Three Worlds of Text (From All Nations Leadership Institute)

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All Nations Leadership Institute
Servant Leadership
Module 1-Lecture 3
4501 West 127th Street
Alsip, IL 60803
http://allnationsleadershipinstitute.org
All Rights Reserved, Jan Paron 2013

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Three Worlds of Text (From All Nations Leadership Institute)

  1. 1. Introduction• Studying Scripture requires a person to go beyond a surface read of text; rather, do a deep study of text to fully grasp its orthodoxy (RIGHT Meaning)• The three worlds of text support this deep study by working with the processes of exegesis and interpretation for orthopathy (RIGHT Attitude) and orthopraxy (RIGHT Practice).• What is exegesis? When you exegete text, you determine what its first readers understood it to mean. Then, you interpret that meaning to explain implications and applications for contemporary settings and situations.
  2. 2. Reader Centered• READER CENTERED. This is the world in front of the text. The world in front of the text is the reader.• Every reader brings his or her own perspectives and beliefs to Scripture which, in turn, influence how that person sees the text. These are the cultural glasses through which you view text.• SUMMARY. Your cultural glasses have two lenses: internal and external. Both impact meaning because it’s what you bring to the text
  3. 3. Reader Centered Cultural Iceberg: The external and internal factors the reader brings to the text.
  4. 4. (Jan Paron, 2012).Reader Centered INTERNAL FACTORS Assumptions & norms: . Beliefs . Values. Thought Patterns . Myths
  5. 5. (Jan Paron, 2012).Reader Centered EXTERNAL FACTORS Ways of life & customs: . See . Hear . Touch
  6. 6. Author Centered• AUTHOR CENTERED, The author-centered world goes behind the text. You study social, political, cultural and ideological aspects from the author’s time and intent (Tate, 1997)• Ask, what went in the author’s world that influenced the writing? In fact, place yourself there.• Think of this as investigating behind the scenes to learn about the audience, history, politics, archeology. etc.
  7. 7. Author CenteredTIPS:• Author’s Purpose. Think about what the author had in mind when he wrote. For example, the four Gospel accounts form a portrait of Jesus (Cox, 2011); however, each author wrote about with a unique description, purpose and audience.• Social. Consider societal rules for the time period and events of the text .Take the Jewish purification laws. If you understand these laws, you’ll see the importance of Jesus’ contact with the marginalized in terms of love and grace.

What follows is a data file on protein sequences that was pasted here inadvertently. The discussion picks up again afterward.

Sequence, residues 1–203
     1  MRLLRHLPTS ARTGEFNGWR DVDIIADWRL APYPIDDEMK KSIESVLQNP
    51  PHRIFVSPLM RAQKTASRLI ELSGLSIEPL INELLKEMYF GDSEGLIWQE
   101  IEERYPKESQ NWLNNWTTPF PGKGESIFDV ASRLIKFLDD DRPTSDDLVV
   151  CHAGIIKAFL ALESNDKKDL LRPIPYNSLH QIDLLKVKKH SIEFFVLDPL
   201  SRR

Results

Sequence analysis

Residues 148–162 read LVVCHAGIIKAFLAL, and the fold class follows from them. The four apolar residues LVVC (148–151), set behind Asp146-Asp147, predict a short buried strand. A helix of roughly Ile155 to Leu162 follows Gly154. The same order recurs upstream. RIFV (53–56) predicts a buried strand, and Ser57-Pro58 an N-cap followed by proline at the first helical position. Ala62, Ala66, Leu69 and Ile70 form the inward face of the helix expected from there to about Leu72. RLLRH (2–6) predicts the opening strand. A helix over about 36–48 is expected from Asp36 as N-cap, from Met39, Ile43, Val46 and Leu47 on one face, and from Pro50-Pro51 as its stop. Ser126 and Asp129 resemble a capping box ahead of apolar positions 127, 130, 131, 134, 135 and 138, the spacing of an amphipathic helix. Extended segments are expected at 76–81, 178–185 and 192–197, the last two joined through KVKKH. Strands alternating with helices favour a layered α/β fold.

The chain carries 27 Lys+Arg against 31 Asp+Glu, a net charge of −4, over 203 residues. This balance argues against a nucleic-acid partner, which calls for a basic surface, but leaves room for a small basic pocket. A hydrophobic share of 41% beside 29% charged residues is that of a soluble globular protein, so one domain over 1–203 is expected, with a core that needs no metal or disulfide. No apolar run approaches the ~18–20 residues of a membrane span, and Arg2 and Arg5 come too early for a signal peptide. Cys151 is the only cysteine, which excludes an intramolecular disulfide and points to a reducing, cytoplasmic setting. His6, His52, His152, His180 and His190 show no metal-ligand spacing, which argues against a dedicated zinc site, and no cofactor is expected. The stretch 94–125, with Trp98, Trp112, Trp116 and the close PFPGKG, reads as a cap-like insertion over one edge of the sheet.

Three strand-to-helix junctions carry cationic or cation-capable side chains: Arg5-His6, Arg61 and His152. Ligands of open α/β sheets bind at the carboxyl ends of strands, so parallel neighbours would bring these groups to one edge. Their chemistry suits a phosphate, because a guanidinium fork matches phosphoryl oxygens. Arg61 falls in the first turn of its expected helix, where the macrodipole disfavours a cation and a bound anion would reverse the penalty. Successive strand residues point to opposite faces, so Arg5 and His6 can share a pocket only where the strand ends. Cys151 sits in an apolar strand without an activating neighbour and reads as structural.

8. 8. Author Centered• Political/Historical: Know the history of that time. Why was Jesus’ spiritual ethics of greatness so counter to political dynamics in an honor-based society?• Culture: Culture makes a difference. Meaning works hand-in-glove with the culture/s of that setting.• SUMMARY. Place yourself as a character in God’s inspired narrative. Learn about what God communicated to His people, and then apply it to what He says now.
  9. 9. Text Centered• TEXT CENTERED. You find this world within the text, meaning you look at the literary elements of Scripture.• What are the literary elements? These elements include genre, word study, grammar, syntax, time factors, etc.• The Bible has numerous forms of literature, from prophecy to poetry and gospels to epistles. Each has characteristics that influence meaning.
  10. 10. Text CenteredTIPS:• Genre You find various forms of literature in Scripture from prophecy to poetry and gospels to epistles. Each influence meaning.• Language & Time Words take on various understandings by language. Further, word meaning changes over time and with context.• SUMMARY. Remember the Holy Spirit illuminates meaning. Pray before you study. Learn everything you can about the text. You want the full picture.
  11. 11. Image: Presenter Media
  12. 12. REFERENCESCox, D. (2013). The gospels. Alsip, IL: All NationsLeadership Institute.Cox, D. (2011). The gospels: A portrait of Jesus Christ.Alsip, IL: All Nations Leadership Institute.Paron, J. (2012). “Hermeneutics and the cultural icebergmodel.” PerSpectives 12, Retrieved on January 11, 2013,from http://specs12.wordpress.com/2012/08/18/hermeneutics-and-the-cultural-iceberg-model/Tate, W. R. (1997). Biblical interpretation: An integratedapproach. Peabody, MA: Hendrickson Publishers.Photo credit: Power Point background—Sharefaith.com
  13. 13. “Study to shew thyself approved unto God, aworkman that needeth not to be ashamed,rightly dividing the word of truth” (2 Tim 2:15 KJV).
  14. 14. Information: Deb Strlek (debbiestrlek@msn.com)http://allnationsleadershipinstitute.org

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